A Simple Guide to Understanding the Impeachment Process
You probably can’t get through your day without hearing terms such as “impeachment inquiry,” “high crimes and misdemeanors,” or “Senate trial.” All of these relate to the U.S. Constitutional action of impeachment of the President of the United States.
Only two presidents have been impeached in our nation’s history: Andrew Johnson in 1868 and Bill Clinton in 1998. Both Johnson and Clinton were later acquitted of all charges, each completing their terms in office. Richard Nixon resigned as president in August 1974, after impeachment articles were filed against him earlier the prior month.
Let’s look further at impeachment and its process.
What is Impeachment?
Impeachment allows the U.S. Congress to remove presidents from office prior to the expiration of their term if enough members of Congress vote, concluding that the president committed “treason, bribery, or other high crimes and misdemeanors.”
The United States Constitution gives the House of Representatives “the sole Power of Impeachment” and the Senate “the sole Power to try all Impeachments . . . [but] no person shall be convicted without the Concurrence of two-thirds of the Members present.”
Impeachment originated in 14th century England. When our founding fathers were drafting the Constitution, they embodied the concept of impeachment, borrowed from England, into our country’s governing documents, For example, in The Federalist, No. 65, Alexander Hamilton stated that impeachment “is a method of national inquest into the conduct of public men” accused of violating the “public trust.”
The Constitutional ability to impeach serves as one of our country’s many checks and balances on power among the three branches of government. However, when drafting the Constitution, the framers only established a general framework for impeachment, leaving much to interpretation. For example, the framers did not clearly define what was meant by “high crimes and misdemeanors,” the meaning of which we’re still debating today.
The General Process
During impeachment proceedings, the House of Representatives “charge” a president, vice-president, or any other United States civil officer by approving articles of impeachment by a majority vote. If approved, the impeachment inquiry then transfers to the U.S. Senate where a committee of representatives, called managers, serves as prosecutors, so to speak, before the full Senate membership.
Sitting as the High Court of Impeachment, the Senate will conduct hearings where they will consider evidence, listen to witness testimony, and then vote to either uphold the impeachment or clear the accused official of all charges. If a U.S. president is being charged, then the chief justice of the United States Supreme Court presides over the proceedings.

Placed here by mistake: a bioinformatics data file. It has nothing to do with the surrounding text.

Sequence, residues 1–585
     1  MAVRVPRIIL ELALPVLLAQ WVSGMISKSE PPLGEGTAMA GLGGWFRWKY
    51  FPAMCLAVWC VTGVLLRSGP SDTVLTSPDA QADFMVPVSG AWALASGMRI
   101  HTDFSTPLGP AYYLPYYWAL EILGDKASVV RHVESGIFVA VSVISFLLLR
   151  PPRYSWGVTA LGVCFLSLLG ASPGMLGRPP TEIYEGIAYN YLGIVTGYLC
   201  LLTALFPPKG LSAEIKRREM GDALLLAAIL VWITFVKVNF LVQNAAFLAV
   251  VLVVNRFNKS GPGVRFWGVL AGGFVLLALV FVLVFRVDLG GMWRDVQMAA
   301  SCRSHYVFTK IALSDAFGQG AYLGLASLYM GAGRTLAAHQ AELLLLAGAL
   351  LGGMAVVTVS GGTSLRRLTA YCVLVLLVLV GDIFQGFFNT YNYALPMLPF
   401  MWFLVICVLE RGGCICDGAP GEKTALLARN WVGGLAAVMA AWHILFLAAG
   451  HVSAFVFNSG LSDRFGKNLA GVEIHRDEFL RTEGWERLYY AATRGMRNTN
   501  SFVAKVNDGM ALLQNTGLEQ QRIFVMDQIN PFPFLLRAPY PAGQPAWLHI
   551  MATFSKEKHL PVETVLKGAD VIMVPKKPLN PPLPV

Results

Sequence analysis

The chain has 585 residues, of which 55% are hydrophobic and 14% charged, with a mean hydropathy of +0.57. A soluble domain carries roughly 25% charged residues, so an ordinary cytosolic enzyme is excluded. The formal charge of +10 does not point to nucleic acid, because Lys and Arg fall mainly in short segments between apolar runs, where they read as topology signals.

Under the Constitution, to be impeached, the Senate must approve the charge by a two-thirds vote. If convicted, the penalty for the crime is removal from office. The convicted cannot appeal the decision. Once the Senate convicts, the decision is final.
What are High Crimes and Misdemeanors?
Based on British history, high crimes and misdemeanors means an abuse of power by a high-level public official, such as the president. It is not necessarily a direct violation of the law. A high crime implies, based on the views of our country’s founders, that a public official violated the public’s trust. There is no set standard of proof that must be met.
In describing what constitutes an impeachable crime, Hamilton has also stated, “The subjects of its jurisdiction are those offenses which proceed from the misconduct of public men, or, in other words, from the abuse or violation of some public trust. They are of a nature which may with peculiar propriety be denominated POLITICAL, as they relate chiefly to injuries done immediately to the society itself.” High crimes and misdemeanors, without much more, falls into this description.
What Happens During Impeachment Proceedings?
As discussed above, the House of Representatives initiates the impeachment process. To do so, the House issues an impeachment inquiry, which is essentially a resolution stating that they will investigate whether impeachable offenses have occurred. For example, the House may assign the task of the impeachment inquiry to the House Judiciary Committee, set up a panel for further investigation, or call a vote on the House floor.